The bottom line is that your horse won't listen to a snaffle because there's an issue with his training. Tons of imperfect, spirited horses go in a snaffle. It takes effort, it takes time, and it will likely cause you good amounts of grief until you and your horse 'get it' but your riding will improve if you learn to be an effective rider with a snaffle bit. Believe me, I feel your pain. I used to use gadgets such as thin twisted wire bits and curbs because my horses wouldn't respond correctly to a snaffle- guess what the problem was? Me.
You can either open up your mind and allow others with experience to teach you, or you can be closedminded and only accept answers that please you. You can decide which type of person will be the better rider overall; I'll give you a hint, it ain't the latter.
     
    10-08-2010, 02:46 AM
  #19
Trained
Quote:
Originally Posted by Acire    
Then why do they make bits other than snaffles?
I will extend on the 'band-aid' and 'quick fix' answers. They make these bits because people think it will fix the need for training. Remember that a bit company is out there to make money, not to help train your horse. The more bits they flood the market with, saying they will help, the more they can charge, and therefore more money comes in. If every horse was ridden in a nice, smooth, flat, gentle snaffle, the bit company wouldn't make any money. They need people to have a different bit for jumping, for cross country, for dressage, for hacking. That is how they make their money. That is why there are so many varieties of bits out there. Nothing to do with the horse and the horse's needs. All to do with the mighty dollar.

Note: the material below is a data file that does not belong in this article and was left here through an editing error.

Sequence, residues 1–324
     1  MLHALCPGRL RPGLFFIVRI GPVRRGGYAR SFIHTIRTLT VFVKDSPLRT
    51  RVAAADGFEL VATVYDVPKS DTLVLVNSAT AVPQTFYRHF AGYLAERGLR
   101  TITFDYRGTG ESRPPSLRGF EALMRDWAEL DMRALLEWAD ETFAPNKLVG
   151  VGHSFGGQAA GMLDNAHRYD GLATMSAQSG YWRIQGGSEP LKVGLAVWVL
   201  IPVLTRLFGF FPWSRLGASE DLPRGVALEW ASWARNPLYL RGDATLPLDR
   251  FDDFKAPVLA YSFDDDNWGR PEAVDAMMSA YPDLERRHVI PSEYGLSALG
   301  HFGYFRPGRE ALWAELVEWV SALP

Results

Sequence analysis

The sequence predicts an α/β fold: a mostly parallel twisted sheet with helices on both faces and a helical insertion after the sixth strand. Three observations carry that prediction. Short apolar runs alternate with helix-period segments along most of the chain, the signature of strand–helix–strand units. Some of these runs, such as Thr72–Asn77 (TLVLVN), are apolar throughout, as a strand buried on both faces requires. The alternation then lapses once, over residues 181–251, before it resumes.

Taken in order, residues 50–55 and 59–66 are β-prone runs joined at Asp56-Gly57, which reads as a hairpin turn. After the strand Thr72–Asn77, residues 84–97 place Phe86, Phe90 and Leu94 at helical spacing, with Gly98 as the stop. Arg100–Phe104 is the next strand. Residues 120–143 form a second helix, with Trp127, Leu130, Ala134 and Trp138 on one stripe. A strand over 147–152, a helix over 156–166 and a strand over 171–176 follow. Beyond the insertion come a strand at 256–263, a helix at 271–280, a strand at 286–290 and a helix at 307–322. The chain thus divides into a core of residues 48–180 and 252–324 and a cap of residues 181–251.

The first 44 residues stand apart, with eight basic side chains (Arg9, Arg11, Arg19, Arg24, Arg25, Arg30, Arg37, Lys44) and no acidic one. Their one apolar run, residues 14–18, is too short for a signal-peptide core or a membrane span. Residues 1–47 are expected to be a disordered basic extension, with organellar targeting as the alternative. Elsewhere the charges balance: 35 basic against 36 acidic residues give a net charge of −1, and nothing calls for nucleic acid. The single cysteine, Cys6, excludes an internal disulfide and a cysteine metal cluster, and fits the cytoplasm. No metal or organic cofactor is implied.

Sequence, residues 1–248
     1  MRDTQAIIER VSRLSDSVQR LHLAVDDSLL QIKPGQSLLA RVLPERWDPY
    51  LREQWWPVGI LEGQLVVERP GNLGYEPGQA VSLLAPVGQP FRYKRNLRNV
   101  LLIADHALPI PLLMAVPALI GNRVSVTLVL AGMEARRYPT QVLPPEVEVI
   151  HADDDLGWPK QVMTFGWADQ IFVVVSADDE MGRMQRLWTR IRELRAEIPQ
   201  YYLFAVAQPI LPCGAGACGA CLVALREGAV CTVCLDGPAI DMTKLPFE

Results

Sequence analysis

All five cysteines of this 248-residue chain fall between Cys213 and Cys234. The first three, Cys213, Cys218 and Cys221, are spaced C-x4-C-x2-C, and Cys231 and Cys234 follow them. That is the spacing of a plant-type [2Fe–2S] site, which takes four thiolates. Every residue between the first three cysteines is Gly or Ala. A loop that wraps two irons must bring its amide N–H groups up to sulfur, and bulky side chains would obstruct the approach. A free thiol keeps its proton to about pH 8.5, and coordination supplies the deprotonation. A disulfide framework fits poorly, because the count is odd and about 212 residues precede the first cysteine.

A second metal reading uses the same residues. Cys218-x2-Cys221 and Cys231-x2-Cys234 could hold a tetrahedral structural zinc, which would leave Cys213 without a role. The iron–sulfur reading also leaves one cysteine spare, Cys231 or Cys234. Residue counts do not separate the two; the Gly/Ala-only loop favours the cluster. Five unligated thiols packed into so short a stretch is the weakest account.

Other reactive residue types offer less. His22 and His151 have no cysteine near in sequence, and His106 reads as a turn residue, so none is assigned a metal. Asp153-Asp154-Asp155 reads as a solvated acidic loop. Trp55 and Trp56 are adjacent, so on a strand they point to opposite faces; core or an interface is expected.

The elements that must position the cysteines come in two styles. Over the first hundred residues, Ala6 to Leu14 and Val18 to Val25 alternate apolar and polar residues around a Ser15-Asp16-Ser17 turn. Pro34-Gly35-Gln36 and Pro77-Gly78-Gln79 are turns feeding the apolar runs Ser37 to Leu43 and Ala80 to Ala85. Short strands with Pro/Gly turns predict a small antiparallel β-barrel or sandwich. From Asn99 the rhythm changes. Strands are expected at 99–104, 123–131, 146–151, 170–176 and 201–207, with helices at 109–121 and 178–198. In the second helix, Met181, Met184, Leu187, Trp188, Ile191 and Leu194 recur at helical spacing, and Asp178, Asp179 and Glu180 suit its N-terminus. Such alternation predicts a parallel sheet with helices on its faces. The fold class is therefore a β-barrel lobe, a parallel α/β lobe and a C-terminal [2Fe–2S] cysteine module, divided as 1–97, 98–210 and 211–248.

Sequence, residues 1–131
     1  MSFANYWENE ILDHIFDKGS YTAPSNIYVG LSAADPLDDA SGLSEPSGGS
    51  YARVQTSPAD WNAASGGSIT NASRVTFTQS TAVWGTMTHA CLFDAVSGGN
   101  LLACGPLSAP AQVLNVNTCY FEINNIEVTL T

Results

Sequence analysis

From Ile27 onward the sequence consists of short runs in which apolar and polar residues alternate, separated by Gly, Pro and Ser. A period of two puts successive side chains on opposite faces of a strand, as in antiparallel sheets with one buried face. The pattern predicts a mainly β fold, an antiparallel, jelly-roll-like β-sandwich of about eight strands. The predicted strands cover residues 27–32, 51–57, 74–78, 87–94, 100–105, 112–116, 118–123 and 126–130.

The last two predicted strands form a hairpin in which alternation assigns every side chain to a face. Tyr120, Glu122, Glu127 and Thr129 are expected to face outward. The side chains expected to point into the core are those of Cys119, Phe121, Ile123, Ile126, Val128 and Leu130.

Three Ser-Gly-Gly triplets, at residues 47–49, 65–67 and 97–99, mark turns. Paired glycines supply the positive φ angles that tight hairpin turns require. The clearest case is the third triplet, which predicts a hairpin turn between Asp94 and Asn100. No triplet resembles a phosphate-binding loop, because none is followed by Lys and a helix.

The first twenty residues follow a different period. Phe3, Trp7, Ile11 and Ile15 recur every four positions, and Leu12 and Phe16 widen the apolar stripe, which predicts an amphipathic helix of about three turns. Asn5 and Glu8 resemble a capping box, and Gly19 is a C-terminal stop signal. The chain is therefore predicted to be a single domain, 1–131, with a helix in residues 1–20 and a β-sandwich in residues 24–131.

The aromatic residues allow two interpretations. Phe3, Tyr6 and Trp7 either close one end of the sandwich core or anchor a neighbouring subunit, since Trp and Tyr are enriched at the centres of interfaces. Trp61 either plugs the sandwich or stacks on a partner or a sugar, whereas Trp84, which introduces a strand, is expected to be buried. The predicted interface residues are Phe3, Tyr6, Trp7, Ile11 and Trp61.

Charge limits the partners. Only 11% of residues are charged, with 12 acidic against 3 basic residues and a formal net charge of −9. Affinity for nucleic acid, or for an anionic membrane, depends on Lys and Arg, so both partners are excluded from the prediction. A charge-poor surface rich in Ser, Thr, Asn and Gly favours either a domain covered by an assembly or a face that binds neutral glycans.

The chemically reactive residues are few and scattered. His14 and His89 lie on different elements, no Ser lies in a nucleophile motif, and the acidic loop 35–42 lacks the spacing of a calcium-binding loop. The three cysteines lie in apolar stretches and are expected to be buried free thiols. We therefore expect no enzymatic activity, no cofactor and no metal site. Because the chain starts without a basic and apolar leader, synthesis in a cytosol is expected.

10-08-2010, 02:51 AM
  #20
Weanling
Quote:
Originally Posted by Chiilaa    
I will extend on the 'band-aid' and 'quick fix' answers. They make these bits because people think it will fix the need for training. Remember that a bit company is out there to make money, not to help train your horse. The more bits they flood the market with, saying they will help, the more they can charge, and therefore more money comes in. If every horse was ridden in a nice, smooth, flat, gentle snaffle, the bit company wouldn't make any money. They need people to have a different bit for jumping, for cross country, for dressage, for hacking. That is how they make their money. That is why there are so many varieties of bits out there. Nothing to do with the horse and the horse's needs. All to do with the mighty dollar.
Very good point, Chiilaa, and very true. If you were able to ride every event in a snaffle, then you would only spend money on a snaffle. But if you have to buy a Super Duper Dressage Bit, a Fancy Shmancy Showjumping bit, a Copper Champion Cross Country Bit, a Lucky Happy Hunter bit, and God knows what else, well that's a lot more revenue for the companies out there. There are a gazillion different types of bit manufacturers out there, all trying to tell you that their bit will fix your horse fast- for $109.98, results not guaranteed.
     

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dressage bit, gag, kimberwick